Usually when you hear something like that – than an image stayed in someone’s mind all the way to the end – you know you’ve got a strong image. Not surprisingly this image also received the largest number of votes. And while I did shoot the image both with and without a Tilt-shift lens – the one without the effect obviously won out – and I agree.
Max asked where the pictures would be used – and that’s an incredibly relevant question. These will be used in magazines and in commercial ads perhaps someday – but for now they are part of a larger body of fine art work that I am putting together. I can tell you for a fact that seeing these images (especially the tilt shift images) on a 30″ monitor or on a 60″x40″ gives you an ENTIRELY different view and experience as a viewer. It’s night and day relative to the small size you see them in the web gallery – I cringe when I see the images this small on the web… I’d love to be able to share them at full res… but can’t for obvious reasons.
The X Shape in #50 kept coming back as well as a big favorite. Geometric elements and crossroads are always great things to look for in any photograph.
In the end – the biggest thing that was reaffirmed for me is a lesson that I learned a long time ago when I showed my portfolio around to editors. One of the most important lessons that I’ve learned is that you (as the photographer) need to know WHO you are showing your portfolio to, WHAT they do in the world of photography, WHAT TYPE OF STYLE of photography they like (commercial vs editorial vs fine art for example) and listen to every bit of criticism from the editors looking at your work – but also: make sure you know what it is that YOU are looking to accomplish. In other words if a newspaper editor rips your work apart – you may indeed not be destined for newspapers. BUT… perhaps your work is just not suited for newspapers. You may find that a fine art photo editor absolutely loves your work!
In other words – always take into account WHO is critiquing your work and WHERE they’re COMING FROM before you start to shred your work or portfolio to pieces.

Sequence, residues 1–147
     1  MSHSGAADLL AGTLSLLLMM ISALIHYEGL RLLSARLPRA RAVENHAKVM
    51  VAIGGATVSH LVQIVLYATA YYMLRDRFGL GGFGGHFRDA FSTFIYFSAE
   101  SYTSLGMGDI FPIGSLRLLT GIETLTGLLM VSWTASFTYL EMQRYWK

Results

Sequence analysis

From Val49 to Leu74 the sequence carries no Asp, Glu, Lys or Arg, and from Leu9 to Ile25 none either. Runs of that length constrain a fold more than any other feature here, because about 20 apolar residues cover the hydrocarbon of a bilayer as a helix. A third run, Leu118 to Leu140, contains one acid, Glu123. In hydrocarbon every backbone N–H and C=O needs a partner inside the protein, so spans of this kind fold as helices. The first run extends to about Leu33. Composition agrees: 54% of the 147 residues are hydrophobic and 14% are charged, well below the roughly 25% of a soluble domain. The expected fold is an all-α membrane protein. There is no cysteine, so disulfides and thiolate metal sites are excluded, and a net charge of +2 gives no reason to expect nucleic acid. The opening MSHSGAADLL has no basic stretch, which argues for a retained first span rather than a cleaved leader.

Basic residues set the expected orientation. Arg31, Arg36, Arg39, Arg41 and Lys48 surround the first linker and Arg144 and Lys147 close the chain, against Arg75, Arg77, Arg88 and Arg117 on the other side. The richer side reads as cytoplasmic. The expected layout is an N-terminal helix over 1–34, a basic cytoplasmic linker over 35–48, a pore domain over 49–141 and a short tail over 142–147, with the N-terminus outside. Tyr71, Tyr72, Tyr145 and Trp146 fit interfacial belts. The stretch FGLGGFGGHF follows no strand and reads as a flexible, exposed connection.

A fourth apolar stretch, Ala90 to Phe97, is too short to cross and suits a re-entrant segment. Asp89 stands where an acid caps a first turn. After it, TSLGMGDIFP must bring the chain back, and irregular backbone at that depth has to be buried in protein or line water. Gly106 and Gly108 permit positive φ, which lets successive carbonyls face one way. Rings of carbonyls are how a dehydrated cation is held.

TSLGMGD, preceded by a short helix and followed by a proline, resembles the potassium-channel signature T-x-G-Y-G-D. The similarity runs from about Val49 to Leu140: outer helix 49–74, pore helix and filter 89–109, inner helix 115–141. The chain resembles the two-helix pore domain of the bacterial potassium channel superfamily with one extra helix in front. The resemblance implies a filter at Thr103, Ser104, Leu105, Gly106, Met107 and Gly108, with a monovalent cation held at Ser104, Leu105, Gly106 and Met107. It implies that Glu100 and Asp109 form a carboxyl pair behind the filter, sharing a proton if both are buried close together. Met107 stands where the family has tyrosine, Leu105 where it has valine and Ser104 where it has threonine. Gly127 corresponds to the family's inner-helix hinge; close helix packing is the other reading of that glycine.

Editing one’s portfolio is also something that’s incredibly difficult for just about any photographer. At one point I would hand out tally sheets to a number of photographers in my newsrooms photo department and average out the results. It can work to help you eliminate the clear duds – but I wouldn’t recommend you put your portfolio together that way… it’s not about finding the highest average score… it’s about finding WHO YOU ARE as a photographer / artist and what you’d like to say. It’s about finding what the images as a whole – as a series – say about you as a photographer… kinda like a film…but different.
He quietly looked through a students entire portfolio – and didn’t utter a single word. When he reached the last image in the student’s book – he closed it quietly, paused for a moment and said:
“I’m afraid these photographs don’t tell me anything about who you are as a photographer.”
And that was it – portfolio critique over. And definitely a quote for that person – and anyone – to disect and ponder for a long time.
Therefore – I think it’s incredibly important for me – and for you – to know what it is that we are trying to accomplish with our work.
If you go out there an shoot everything that moves, or if you find yourself shooting to make your publication or editor happy – I’m not sure you’ll find much success in this very saturated market. I think it’s important to develop a style, and most importantly a purpose and then you’ll find that your career will start to progress on its own once you start to find your voice.
With that being said -here is a gallery of my favorite 15 images from this collection – somewhat in order of preference.
You’ll see some match the public opinion – and others not at all. And that’s totally fine with me – it’s part of the thing that makes me love photography.
In the next few weeks I’ll go back to them and make a few variations in toning for a few of them – and create master files to add to my fine art print collection. No rush. The images aren’t going anywhere… they’re always frozen in time - or is it the other way around?
p.s. feel free to CLICK ON THE IMAGE – to see them a little bit larger in a separate gallery.